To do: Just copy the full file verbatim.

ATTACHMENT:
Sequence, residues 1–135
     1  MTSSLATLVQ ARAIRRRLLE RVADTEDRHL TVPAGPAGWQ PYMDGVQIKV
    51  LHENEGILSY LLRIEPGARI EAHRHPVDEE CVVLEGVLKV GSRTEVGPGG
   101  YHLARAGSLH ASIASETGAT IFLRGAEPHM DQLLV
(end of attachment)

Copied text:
Sequence, residues 1–135
     1  MTSSLATLVQ ARAIRRRLLE RVADTEDRHL TVPAGPAGWQ PYMDGVQIKV
    51  LHENEGILSY LLRIEPGARI EAHRHPVDEE CVVLEGVLKV GSRTEVGPGG
   101  YHLARAGSLH ASIASETGAT IFLRGAEPHM DQLLV